"They told us that every kid was going to be attending Akron U completely, 100-percent free," Emily says. "I broke down. I was standing in the middle of a crowd of people, crying. I wasn't sure how I was going to send my kids to college. So this was a huge, huge relief.
"It was amazing to know that one man could care that much about the kids of Akron. Kids that he's never met. Just hometown kids."
Morgan stuck with the program. Emily says her daughter has "blossomed" since becoming involved with the Foundation. She gets support with her schoolwork and she’s even had a picture of her and LeBron appear in a local newspaper. As cool as that’s been, Emily and Morgan are still capable of being surprised.
"LeBron James isn't just basketball to my family. He's a hero. In every sense of the word."Emily Ross
"So last year, another letter came in the mail," Emily recalls. "And letters come in the mail all the time from the Foundation. It's always exciting when they come. They're usually addressed to my daughter, to Morgan. I give ‘em to her. I let her open ‘em up. It's usually tickets to an event or something local.
"So we get the letter and we open it up. And she reads it. And she says, 'I don't know what this is.' So she gives it to me, and I read it. And this was a letter stating that any of the parents who did not graduate from high school were gonna be given an opportunity to get their GEDs through Project Learn at the cost of the LeBron James Family Foundation."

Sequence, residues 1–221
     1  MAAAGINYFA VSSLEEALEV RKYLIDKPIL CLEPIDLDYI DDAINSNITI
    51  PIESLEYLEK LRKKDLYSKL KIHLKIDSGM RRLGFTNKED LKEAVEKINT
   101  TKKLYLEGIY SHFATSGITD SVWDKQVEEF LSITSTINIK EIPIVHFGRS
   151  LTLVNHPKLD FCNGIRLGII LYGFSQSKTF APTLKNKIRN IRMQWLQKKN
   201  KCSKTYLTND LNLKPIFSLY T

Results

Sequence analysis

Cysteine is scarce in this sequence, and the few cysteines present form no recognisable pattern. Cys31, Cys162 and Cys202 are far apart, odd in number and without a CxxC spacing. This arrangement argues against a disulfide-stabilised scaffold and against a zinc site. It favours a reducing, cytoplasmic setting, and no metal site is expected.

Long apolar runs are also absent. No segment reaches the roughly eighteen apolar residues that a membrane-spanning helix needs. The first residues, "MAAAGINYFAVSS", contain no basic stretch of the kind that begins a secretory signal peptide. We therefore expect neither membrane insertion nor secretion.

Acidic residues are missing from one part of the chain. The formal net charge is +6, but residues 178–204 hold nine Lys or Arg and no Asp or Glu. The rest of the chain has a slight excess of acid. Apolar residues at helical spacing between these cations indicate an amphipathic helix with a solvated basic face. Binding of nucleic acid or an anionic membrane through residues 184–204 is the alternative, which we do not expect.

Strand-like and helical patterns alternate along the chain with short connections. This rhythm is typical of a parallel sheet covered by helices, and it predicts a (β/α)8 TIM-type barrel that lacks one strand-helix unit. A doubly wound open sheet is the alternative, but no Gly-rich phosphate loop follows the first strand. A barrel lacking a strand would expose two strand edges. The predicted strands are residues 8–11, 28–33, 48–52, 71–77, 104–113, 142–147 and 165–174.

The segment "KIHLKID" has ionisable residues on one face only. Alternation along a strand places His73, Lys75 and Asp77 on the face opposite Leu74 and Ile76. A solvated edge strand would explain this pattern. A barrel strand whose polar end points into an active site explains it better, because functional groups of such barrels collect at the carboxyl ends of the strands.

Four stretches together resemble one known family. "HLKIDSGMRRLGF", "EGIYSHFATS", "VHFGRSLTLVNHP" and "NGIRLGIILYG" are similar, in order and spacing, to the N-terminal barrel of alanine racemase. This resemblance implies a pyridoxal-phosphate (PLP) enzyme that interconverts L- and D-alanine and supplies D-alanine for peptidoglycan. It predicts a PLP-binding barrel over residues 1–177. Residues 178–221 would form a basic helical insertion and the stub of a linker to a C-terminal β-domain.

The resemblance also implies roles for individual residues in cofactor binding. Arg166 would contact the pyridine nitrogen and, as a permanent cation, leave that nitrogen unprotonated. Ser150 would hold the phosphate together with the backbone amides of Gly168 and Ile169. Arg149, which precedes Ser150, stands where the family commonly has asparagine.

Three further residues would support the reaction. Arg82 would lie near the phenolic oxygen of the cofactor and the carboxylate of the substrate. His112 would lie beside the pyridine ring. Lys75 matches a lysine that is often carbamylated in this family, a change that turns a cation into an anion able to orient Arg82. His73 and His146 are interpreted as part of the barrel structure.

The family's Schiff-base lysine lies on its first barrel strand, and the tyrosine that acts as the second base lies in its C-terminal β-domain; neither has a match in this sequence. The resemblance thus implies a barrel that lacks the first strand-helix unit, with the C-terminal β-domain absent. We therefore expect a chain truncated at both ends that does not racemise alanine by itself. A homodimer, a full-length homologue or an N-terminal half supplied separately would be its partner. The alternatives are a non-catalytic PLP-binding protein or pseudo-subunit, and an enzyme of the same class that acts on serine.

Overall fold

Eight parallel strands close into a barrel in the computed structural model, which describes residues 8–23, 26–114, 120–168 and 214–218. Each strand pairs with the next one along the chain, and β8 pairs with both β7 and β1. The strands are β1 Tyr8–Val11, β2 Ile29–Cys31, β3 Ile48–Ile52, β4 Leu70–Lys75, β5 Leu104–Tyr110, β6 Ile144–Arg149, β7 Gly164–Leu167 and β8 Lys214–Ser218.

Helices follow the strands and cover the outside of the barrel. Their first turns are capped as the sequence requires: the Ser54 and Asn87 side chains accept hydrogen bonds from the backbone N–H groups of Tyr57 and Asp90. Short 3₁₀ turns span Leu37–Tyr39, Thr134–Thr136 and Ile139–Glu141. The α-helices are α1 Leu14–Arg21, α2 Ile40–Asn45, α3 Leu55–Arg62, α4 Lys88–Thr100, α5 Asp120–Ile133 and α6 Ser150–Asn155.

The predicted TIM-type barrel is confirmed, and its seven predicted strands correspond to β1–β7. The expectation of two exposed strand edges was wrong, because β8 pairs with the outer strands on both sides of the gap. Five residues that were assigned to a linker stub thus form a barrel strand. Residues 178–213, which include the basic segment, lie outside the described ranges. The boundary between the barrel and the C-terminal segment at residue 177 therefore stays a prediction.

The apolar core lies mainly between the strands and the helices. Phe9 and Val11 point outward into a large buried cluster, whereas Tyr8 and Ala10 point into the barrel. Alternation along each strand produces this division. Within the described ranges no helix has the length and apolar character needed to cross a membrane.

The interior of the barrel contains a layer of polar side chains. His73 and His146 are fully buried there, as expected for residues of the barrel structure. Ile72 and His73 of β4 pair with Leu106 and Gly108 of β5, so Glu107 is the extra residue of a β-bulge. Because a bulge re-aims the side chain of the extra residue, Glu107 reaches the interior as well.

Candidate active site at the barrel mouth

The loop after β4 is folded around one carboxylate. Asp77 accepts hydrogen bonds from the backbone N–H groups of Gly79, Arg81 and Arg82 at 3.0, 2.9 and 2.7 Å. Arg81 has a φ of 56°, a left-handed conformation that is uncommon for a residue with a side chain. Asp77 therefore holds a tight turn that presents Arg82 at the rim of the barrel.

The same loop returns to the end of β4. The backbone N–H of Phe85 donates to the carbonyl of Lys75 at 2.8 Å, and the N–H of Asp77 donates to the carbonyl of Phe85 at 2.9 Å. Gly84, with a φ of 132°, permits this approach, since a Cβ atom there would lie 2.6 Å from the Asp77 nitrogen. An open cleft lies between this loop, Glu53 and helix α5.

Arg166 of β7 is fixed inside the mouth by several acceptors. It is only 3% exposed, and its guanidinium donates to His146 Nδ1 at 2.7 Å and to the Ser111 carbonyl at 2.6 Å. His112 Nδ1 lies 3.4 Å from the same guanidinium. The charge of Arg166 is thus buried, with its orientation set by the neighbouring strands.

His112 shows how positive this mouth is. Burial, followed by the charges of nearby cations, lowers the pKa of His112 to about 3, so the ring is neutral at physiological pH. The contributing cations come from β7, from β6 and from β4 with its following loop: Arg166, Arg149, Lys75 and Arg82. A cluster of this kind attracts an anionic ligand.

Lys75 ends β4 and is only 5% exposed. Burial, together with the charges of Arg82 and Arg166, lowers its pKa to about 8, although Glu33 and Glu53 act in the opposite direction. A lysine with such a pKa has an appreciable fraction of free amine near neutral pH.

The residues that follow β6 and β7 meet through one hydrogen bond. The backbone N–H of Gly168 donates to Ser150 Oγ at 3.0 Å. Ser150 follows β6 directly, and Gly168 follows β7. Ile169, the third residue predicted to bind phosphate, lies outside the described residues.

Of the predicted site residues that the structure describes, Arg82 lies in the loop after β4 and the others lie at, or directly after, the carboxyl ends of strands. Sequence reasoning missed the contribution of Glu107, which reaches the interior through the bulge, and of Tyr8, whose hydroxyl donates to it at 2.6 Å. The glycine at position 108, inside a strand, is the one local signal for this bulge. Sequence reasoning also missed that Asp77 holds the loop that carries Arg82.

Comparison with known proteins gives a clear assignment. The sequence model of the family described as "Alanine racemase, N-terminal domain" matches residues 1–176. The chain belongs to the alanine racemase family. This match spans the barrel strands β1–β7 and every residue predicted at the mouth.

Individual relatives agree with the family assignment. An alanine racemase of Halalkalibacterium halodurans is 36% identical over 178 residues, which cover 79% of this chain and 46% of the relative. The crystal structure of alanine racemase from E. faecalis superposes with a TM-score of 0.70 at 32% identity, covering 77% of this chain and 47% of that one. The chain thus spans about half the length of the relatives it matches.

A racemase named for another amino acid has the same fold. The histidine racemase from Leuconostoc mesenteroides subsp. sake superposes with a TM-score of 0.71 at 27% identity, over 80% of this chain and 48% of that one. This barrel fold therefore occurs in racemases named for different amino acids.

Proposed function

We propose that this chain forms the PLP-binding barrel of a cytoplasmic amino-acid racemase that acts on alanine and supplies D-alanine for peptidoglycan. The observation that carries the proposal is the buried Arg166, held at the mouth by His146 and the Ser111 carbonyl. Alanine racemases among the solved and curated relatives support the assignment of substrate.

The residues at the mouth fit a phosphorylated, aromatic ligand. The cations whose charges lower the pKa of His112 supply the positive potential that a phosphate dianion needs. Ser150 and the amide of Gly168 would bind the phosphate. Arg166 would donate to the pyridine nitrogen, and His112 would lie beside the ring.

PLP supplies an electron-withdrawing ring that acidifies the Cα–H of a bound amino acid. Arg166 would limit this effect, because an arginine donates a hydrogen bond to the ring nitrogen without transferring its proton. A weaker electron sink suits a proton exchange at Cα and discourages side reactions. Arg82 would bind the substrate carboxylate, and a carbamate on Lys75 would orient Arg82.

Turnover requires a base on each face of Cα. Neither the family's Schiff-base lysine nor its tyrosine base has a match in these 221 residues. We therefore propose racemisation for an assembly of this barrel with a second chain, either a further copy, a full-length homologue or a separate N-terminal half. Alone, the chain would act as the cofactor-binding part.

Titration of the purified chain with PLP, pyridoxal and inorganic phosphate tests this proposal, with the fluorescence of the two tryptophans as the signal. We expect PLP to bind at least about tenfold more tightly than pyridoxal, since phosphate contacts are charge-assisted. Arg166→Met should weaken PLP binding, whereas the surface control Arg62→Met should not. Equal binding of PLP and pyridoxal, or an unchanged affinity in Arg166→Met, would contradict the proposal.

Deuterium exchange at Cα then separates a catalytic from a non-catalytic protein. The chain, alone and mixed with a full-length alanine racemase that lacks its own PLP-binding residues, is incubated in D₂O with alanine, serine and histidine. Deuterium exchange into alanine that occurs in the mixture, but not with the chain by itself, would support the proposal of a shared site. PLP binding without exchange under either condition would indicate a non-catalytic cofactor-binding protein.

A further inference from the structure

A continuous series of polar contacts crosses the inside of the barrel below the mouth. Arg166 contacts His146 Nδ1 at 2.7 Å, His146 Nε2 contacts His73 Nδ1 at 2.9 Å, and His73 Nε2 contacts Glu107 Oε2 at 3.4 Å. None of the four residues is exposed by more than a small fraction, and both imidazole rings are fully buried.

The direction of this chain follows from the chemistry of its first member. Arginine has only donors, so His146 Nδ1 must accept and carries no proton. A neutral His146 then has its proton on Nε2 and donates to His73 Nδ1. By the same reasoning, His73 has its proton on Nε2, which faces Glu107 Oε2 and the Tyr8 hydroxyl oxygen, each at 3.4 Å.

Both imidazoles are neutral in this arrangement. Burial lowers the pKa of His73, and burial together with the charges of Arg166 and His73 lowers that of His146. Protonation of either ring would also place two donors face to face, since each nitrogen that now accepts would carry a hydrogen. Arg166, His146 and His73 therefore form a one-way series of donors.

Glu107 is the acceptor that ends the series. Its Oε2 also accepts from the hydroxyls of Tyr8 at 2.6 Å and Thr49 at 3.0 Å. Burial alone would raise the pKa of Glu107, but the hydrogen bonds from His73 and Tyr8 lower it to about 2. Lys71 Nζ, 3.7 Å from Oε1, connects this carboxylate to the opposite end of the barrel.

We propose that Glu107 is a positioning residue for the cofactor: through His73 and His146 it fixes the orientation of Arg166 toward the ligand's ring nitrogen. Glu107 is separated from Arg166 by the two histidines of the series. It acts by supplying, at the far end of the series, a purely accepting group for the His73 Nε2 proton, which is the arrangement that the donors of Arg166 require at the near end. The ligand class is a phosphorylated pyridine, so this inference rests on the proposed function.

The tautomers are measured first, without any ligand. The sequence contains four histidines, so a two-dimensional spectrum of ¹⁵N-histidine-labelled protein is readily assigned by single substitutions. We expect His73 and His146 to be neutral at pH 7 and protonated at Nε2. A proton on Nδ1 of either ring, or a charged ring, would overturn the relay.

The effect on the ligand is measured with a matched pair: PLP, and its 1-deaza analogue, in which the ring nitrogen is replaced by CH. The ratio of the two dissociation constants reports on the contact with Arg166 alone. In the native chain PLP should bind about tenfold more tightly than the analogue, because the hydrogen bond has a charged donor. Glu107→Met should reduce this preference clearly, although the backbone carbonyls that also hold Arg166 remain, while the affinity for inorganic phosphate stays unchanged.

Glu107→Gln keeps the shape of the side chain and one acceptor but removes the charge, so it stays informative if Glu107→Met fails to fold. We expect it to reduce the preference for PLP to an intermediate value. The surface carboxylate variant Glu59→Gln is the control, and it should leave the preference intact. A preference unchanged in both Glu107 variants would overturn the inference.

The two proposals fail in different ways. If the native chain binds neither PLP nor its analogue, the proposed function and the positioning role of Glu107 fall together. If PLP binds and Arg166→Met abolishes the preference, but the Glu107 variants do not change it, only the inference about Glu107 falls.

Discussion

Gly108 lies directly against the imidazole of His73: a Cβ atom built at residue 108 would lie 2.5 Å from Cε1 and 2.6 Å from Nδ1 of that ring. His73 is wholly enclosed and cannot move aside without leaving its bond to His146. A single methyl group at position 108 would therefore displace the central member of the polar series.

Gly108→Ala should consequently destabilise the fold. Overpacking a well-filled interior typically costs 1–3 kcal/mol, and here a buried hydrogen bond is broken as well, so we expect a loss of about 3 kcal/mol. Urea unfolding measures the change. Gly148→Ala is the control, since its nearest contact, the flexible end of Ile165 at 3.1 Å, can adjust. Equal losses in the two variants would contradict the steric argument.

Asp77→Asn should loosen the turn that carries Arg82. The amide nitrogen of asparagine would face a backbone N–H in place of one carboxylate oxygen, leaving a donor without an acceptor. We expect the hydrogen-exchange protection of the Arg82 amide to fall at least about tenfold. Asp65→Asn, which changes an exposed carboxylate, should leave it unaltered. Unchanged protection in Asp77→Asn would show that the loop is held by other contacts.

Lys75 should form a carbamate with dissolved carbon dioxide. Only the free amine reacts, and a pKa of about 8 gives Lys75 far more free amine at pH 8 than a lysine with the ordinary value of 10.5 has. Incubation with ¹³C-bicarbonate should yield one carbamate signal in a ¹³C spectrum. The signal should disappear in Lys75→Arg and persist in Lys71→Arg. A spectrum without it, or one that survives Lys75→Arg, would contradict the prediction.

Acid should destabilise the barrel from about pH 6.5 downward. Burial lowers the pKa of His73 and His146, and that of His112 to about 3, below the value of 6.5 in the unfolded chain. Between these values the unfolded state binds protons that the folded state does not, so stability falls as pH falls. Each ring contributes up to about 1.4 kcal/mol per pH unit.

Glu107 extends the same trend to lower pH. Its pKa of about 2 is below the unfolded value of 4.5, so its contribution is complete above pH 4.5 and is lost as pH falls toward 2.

"And you said, 'This is my opportunity'? " I ask.
"I said, 'I can't' — I cried again. And I read the letter to my mom and I said, 'I've tried before to get my GED.' But I knew this time it was going to be different. Because there's my kid. Standing there. Looking at me. Looking up to me. And I could not let her down."
Emily completed her requirements and graduated in July 2017. I asked her what her graduation day was like.
"It was really amazing that all my kids could watch me," Emily says. "I walked across the stage. And that was something I never thought I would do. I mean, 20 years ago, I gave up on that. I never thought I'd have that opportunity. So to see — to have my mom and my dad, and now all of my children, watch me walk across the stage. What an amazing day."
"And, so, when people ask you now: 'Where did you graduate from?' What do you say? What's your answer?" I ask.
"I tell them that I graduated from Project Learn in Akron, Ohio," she says. "Courtesy of the LeBron James Family Foundation."
And remember how Emily said she wasn't a sports fan? That's changed.
"Me and my daughter definitely follow LeBron James now," Emily says. "We definitely try to watch every game. We look at him in a different way. LeBron James isn't just basketball to my family."
"What is he?" I ask.
"He's a hero," she says. "In every sense of the word."
'It Doesn't Matter Where He Works'
There are now about 1,300 Akron Public School students just like Morgan who are on track to get a scholarship to the University of Akron. And this fall, a public school for third- and fourth-graders — founded and paid for by LeBron James — will welcome its first students. With tutoring, mentoring, scholarships and an actual school building, LeBron’s impact on his hometown will outlast his Cavaliers career. Because LeBron is moving to Los Angeles. On July 1, he agreed to become a Laker.
"It doesn' t matter where he works," Emily says. "His heart is in Akron. And that's where it will always be. He can work anywhere he wants to work. He's made a promise to these kids, and I believe with everything I have that he will follow up with that promise."
We first learned about the story of Emily Ross from wkyc's Amani Abraham.
This segment aired on July 7, 2018.